Top Fort Worth school administrators and Superintendent Kent P. Scribner have clarified district policies regarding transgender students, and they are strongly supportive of those students’ rights, safety and personal choices.
The newly issued guidelines are certain to be controversial, just as these issues have been statewide and nationally. But they are consistent with federal law and with nondiscrimination policies previously adopted by district trustees.
It’s a clear attempt to steer the district through controversy while maintaining a focus on education. The job of public schools is to teach, and to do so they must create an atmosphere in which all students feel accepted.
District personnel are instructed in no uncertain terms to “show respect for the student’s desires and wishes to the extent practical so as to foster a productive educational process for all.”
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The policy includes access to restrooms consistent with “the gender identity that each student consistently and uniformly asserts.”
A transgender student or other students who are uncomfortable sharing a restroom or who want increased privacy must be offered access to a single-stall restroom or the opportunity to use a restroom when no other students are present.
Students are to be allowed to participate in athletic activities and other school programs according to their chosen gender expression, subject to University Interscholastic League rules on league sports.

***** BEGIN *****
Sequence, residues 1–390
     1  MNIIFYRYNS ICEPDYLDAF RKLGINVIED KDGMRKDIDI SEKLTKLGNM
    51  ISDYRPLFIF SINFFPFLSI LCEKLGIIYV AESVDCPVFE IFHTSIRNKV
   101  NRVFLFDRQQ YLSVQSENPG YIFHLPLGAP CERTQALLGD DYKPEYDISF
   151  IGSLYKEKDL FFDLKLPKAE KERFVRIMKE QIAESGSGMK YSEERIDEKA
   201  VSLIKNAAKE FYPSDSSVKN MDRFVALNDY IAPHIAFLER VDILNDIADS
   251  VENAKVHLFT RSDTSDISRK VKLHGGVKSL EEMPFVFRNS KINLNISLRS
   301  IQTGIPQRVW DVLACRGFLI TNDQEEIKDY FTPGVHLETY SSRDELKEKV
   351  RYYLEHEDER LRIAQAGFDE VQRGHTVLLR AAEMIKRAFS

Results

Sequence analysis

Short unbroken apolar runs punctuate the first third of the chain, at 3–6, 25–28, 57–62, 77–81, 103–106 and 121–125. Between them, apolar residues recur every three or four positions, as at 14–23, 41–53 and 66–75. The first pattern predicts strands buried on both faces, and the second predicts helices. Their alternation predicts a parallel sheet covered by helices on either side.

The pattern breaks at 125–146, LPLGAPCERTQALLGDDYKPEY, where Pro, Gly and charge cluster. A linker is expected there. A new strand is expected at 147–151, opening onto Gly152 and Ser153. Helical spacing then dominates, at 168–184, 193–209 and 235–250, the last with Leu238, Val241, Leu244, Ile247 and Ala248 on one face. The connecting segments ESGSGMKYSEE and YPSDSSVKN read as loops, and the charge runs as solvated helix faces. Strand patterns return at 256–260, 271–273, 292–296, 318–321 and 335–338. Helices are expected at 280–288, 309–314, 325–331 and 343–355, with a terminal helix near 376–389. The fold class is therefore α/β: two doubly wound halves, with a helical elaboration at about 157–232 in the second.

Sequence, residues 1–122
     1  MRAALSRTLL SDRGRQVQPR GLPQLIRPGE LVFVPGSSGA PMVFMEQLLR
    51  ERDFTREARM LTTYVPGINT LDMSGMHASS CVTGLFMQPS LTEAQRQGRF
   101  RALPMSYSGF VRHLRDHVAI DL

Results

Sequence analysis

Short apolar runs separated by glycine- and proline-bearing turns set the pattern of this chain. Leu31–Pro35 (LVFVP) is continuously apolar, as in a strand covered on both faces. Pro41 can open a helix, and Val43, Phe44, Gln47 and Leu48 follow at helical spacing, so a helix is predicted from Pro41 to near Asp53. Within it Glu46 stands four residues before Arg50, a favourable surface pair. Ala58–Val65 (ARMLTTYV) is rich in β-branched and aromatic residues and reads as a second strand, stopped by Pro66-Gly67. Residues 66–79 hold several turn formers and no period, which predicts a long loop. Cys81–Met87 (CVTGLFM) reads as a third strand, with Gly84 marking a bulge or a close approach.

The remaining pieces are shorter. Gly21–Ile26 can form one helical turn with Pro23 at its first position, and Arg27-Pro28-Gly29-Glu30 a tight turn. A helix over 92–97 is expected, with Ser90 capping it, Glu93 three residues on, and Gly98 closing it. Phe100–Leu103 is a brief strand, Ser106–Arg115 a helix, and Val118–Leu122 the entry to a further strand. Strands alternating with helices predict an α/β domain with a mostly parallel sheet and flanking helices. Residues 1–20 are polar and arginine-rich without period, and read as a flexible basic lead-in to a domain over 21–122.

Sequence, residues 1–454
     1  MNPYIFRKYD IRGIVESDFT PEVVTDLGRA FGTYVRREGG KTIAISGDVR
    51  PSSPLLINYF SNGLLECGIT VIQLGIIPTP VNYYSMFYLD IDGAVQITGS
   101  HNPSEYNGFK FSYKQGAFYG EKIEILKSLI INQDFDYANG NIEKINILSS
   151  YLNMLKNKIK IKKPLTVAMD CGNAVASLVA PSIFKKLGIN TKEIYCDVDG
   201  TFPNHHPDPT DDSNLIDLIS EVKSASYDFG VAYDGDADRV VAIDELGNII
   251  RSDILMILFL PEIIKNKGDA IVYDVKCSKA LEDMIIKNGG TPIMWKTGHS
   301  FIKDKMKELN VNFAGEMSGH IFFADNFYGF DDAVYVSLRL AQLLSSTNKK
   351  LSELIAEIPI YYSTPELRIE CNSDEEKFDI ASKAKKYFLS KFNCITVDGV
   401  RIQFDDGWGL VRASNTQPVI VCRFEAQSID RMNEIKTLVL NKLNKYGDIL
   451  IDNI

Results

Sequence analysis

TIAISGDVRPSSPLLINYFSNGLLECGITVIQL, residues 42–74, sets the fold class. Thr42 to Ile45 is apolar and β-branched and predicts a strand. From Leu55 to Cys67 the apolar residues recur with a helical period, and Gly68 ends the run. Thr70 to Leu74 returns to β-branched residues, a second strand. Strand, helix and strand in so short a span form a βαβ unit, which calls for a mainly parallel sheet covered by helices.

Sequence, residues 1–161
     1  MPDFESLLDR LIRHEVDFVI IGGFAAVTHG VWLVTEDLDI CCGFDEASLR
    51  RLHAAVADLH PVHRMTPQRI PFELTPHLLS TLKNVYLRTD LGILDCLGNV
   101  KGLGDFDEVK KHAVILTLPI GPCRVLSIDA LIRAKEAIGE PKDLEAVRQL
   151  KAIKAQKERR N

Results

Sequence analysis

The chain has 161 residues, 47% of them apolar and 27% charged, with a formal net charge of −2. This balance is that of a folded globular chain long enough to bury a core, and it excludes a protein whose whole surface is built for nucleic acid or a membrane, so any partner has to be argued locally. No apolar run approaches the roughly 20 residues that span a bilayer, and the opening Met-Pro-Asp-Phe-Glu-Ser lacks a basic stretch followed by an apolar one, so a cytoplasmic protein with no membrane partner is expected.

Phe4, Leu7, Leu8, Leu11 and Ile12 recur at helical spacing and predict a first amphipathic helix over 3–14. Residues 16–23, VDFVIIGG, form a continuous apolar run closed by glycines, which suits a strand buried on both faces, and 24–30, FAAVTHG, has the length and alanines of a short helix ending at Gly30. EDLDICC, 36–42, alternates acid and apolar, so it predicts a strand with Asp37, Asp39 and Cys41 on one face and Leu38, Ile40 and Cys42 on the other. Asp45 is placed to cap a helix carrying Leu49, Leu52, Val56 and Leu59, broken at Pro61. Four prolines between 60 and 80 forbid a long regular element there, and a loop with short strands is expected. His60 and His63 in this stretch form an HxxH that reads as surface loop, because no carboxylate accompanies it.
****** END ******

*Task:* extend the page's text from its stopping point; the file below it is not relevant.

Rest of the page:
The UIL decided in February that participation in gender-specific league sports should be according to the gender on a student’s birth certificate. Birth certificates can be changed and new certificates issued through a legal process.
The guidelines were approved by Scribner on April 19. They were also signed by Michael Steinert, assistant superintendent for student support services; Valerie Carrillo, chief legal counsel; and Georgi Roberts, director of health and physical education.
One of the most controversial parts is likely to be the instructions for school personnel on their relationship with a transgender student’s parents.
Campus counselors are to serve as “a designated ally” for students on transgender and gender identity issues. They and other personnel are to share information about students, including with that student’s parents, only “on a need-to-know basis or as the student directs.”
They “must work closely with the student to assess the degree to which, if any,” parents are consulted.
Working through this won’t be easy, but it is necessary. Scribner and his staff are providing leadership.